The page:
Prosecuting attorneys are entrusted with an enormous amount of public trust. These are the lawyers at the county, state and federal levels that decide if a defendant is to be charged with a crime, what the specific charges will be and what sentence will be sought.
Given the high degree of confidence the public must have, Rule 3.8 of the American Bar Association’s (ABA) Rules of Professional Conduct outline what the public has a right to expect. The ABA goes line by line and into detail on the ethical obligations of a prosecutor.
We’ll sum up the key points for you here.
A prosecutor must have probable cause to even begin the process of formally charging a suspect with a crime. While there is no hard and fast standard for exactly when the probable cause threshold is met, it’s generally understood to be a collection of indisputable facts that make it a reasonable belief a person is guilty of the crime.
Negotiations with suspects is common, particularly when it involves organized crime, other gang-related activity or white-collar crime. A suspect may be offered the chance to cut a deal with the prosecutor, getting a lesser charge in exchange for testimony against those who are guilty of more severe crimes.
This is within a prosecutor’s legitimate discretion, but there are limits—there can be no monetary exchanges involved, even if it’s for a charitable organization. For example, a prosecutor can’t have a drug dealer make a donation to a rehab clinic in exchange for testimony, regardless of how noble or tempting that might seem on the surface.
The prosecutor must also carefully weigh what they say in public regarding a criminal case. In late 2018, a prosecutor in the state of Louisiana was disbarred for violating this rule. In this case, the prosecutor in question posted comments about the case in newspaper articles under fake names. In the disbarment order, the Louisiana Supreme Court noted the advocacy on which the American judicial system requires “neutral, dispassionate control” within the system.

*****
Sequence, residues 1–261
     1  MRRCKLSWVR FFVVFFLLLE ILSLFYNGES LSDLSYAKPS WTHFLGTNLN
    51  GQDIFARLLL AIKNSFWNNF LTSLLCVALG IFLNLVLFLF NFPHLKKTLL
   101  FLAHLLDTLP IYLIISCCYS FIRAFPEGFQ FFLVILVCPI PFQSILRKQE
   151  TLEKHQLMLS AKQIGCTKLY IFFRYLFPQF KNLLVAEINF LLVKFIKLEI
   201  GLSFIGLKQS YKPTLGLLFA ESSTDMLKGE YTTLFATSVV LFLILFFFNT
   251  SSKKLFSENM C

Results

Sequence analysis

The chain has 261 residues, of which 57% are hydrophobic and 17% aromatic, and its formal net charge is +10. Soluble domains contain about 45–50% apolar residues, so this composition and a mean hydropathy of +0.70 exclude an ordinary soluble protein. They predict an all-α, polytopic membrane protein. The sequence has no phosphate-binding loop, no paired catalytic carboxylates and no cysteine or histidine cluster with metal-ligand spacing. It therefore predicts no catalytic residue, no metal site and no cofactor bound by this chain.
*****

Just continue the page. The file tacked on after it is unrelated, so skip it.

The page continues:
While the public comments in this case were extreme, the court took the opportunity to remind other prosecutors that all of their public commentary must be done with this neutral and dispassionate control in mind. To do otherwise runs the risk of inflaming a community against the defendant, which works against the right to a fair jury trial.
Prosecutors have a much higher standard of ethical conduct to meet than defense attorneys. While a defense lawyer isn’t obligated to reveal information to the prosecution—even if the defendant has privately admitted their guilt—a prosecutor must disclose every last bit of evidence that might help a defendant secure acquittal.
These obligations have their roots in the 1963 Supreme Court case Brady v. Maryland, which held that due process required the defense be given any information that might aid the cause of acquittal. This includes:
- Any evidence the police may have gathered that would point to other suspects for the crime
- Evidence gathered that suggests the defendant may be innocent. Simply because the police and the prosecutor found this evidence unpersuasive doesn’t mean a jury won’t. The Supreme Court says the jury has a right to hear it—regardless of which side found the evidence.
- If new evidence emerges during the trial that might lead to acquittal, that must be disclosed to the defense.
For example, if a drug dealer is ready to testify against his boss, the defense must be made aware of the fact that a deal was struck. The defense team will no doubt use this information to paint the witness as an unreliable rat, out to save his own skin. But the prosecutor has no choice but to reveal the deal.
Now this doesn’t mean every last piece of evidence the prosecution has must be revealed to the defense in the pre-trial discovery phase. There is room for surprises at trial. The Brady Rules, as they are known, apply only to evidence that might lead to acquittal.
A reasonable observer might ask why prosecutors are placed under such ethical burdens, while defense lawyers get a much freer hand to win their case. The answer is the American judicial system decided it was better to err on the side of letting a guilty person go free than to see an innocent person jailed—or worse.